For MIT itself the effects, Kastner says, will hurt -- a lot. The hit to the annual research budget will be about $40 million -- falling most heavily on the School of Science, which gets 95% of its research budget from the federal government. The effects won't be felt equally across the board. If you run a big lab then you have some room to manouver, Kastner acknowledges. "Is ever Eric Lander going to slow down? He'll find a way." But, he says, "The rich survive and the poor get devastated. The real question is the next generation. "That is: the sequester wreaks its havoc by striking hardest at particular points in the life cycle of a university researcher. New tenure-line faculty are actually somewhat insulated from the very worst of the pressure. "Every agency has set aside money for young investigators," he says,"some from private foundations, and a lot from the feds." Cuts in budget strike those dependent on other people's grants -- graduate students, post docs and soft-money research scientists -- but a new faculty hire has somewhat better prospects than most for the first few years. The rubber hits the road, though, at tenure. MIT, like other leading research universities, generally tenures faculty at around the seven year mark.Researchers achieve tenure on the basis of strong performance in those first years and then after promotion are expected to advance their program through what should be the heart of their productive lives. The tricky part is that it is already enormously difficult to do so. Once tenured, the researcher competes for grants against the entire population, Nobel laureates, National Academicians and all. There's a reason that the average age for winning your first R0-1 grant is 42 -- that's up by more than five years since 1980. Add the sequester's cut on top of that existing semi (or more than)-crisis, and you have a circumstance where early-mid career scientists could become even more at risk to career-blasting loss of research funding.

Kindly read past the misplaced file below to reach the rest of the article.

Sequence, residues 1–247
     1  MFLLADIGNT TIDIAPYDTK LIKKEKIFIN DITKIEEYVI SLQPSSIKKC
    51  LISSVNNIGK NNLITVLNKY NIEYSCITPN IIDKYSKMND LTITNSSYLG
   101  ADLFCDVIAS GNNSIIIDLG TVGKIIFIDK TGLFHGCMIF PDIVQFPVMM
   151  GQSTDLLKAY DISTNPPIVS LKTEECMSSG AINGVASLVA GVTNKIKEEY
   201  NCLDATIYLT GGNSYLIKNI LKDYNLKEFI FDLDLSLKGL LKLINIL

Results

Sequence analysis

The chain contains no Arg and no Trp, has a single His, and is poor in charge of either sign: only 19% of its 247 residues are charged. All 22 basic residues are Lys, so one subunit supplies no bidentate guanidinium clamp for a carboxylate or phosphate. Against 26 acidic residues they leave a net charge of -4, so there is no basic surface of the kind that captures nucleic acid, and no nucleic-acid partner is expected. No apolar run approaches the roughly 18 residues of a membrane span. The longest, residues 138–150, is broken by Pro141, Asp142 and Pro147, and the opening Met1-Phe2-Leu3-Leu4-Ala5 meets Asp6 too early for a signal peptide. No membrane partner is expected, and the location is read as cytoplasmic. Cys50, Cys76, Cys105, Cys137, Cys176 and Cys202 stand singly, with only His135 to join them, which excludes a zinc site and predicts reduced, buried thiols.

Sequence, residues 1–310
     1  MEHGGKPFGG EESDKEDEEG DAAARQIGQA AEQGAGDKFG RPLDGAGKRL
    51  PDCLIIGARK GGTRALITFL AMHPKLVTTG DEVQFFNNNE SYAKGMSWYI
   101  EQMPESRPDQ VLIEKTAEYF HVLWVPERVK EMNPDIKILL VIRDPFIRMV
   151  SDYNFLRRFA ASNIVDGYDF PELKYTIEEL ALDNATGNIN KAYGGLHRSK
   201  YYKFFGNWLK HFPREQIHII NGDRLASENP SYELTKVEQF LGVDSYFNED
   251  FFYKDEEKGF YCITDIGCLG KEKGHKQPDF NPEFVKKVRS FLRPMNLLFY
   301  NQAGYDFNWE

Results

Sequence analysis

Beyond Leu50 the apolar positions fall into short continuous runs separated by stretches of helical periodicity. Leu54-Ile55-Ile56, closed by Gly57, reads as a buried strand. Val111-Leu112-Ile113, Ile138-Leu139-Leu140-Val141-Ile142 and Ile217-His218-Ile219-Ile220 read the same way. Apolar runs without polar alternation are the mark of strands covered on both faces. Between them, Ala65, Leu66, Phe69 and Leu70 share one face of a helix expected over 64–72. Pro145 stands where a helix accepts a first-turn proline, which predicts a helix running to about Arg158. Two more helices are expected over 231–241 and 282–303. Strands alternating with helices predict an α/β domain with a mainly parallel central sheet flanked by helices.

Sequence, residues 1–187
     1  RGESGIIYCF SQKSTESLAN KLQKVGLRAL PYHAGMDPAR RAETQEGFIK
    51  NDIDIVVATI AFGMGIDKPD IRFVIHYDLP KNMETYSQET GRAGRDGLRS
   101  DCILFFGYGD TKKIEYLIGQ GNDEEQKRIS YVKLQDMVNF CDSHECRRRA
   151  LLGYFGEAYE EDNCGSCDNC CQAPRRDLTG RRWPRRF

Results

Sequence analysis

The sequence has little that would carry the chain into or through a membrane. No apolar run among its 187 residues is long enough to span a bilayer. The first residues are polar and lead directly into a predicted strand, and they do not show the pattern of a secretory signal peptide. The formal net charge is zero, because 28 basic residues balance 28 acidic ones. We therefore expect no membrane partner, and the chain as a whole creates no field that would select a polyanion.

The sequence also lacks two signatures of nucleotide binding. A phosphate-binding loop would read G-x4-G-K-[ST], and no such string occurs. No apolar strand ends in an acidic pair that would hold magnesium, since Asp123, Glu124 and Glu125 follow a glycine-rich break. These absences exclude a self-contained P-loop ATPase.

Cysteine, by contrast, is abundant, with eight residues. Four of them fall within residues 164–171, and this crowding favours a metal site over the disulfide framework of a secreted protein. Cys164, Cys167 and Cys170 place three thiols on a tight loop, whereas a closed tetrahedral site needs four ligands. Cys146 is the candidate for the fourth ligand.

Tom then zooms out to look at the whole motive for investing in science in the first place:
But to cut through to the hard cash at the core of this whole crisis, the simple truth is that paying for basic research is a bet a society makes on its future. And it turns out that it is one of the safest wagers around. In the 2007 report linked above, the CBO writes, in predictably dry language, "Federal spending in support of basic research over the years has, on average, had a significantly positive return, according to the best available research." (p. 15) Or, to put it a more gaudily, it's estimated that the Human Genome Project delivered a return on investment of 141:1 -- $141 in wealth created for every dollar spent on the job.No one claims that all basic research posts such glorious rewards, but as MIT president Rafael Reif and former Intel CEO Craig Barrett noted this week in the Financial Times, "A report by the non-partisan Information Technology & Innovation Foundation estimates that over those nine years, such cuts would reduce GDP by $200bn - and that estimate compares sequestration to a scenario where R&D merely remains at the 2011 rate. If in those nine years the US instead kept R&D spending constant as a proportion of output, the economy would be $565bn bigger. And if it invested in R&D at the same rate as China, that gap would grow to $860bn."Thus the risk posed by the sequester: it magnifies strains in an already constrained scientific enterprise. And from that, it's not hard to weigh the concept of decline, an actual, lasting erosion of essential national capacity. We can certainly avoid such an unforced error; we can decide to invest more, and more reliably in the future. But we may not...and that choice has consequences that aren't too difficult to perceive.
Read the whole thing. Then talk about it. Tom might just drop in and conversate a bit.
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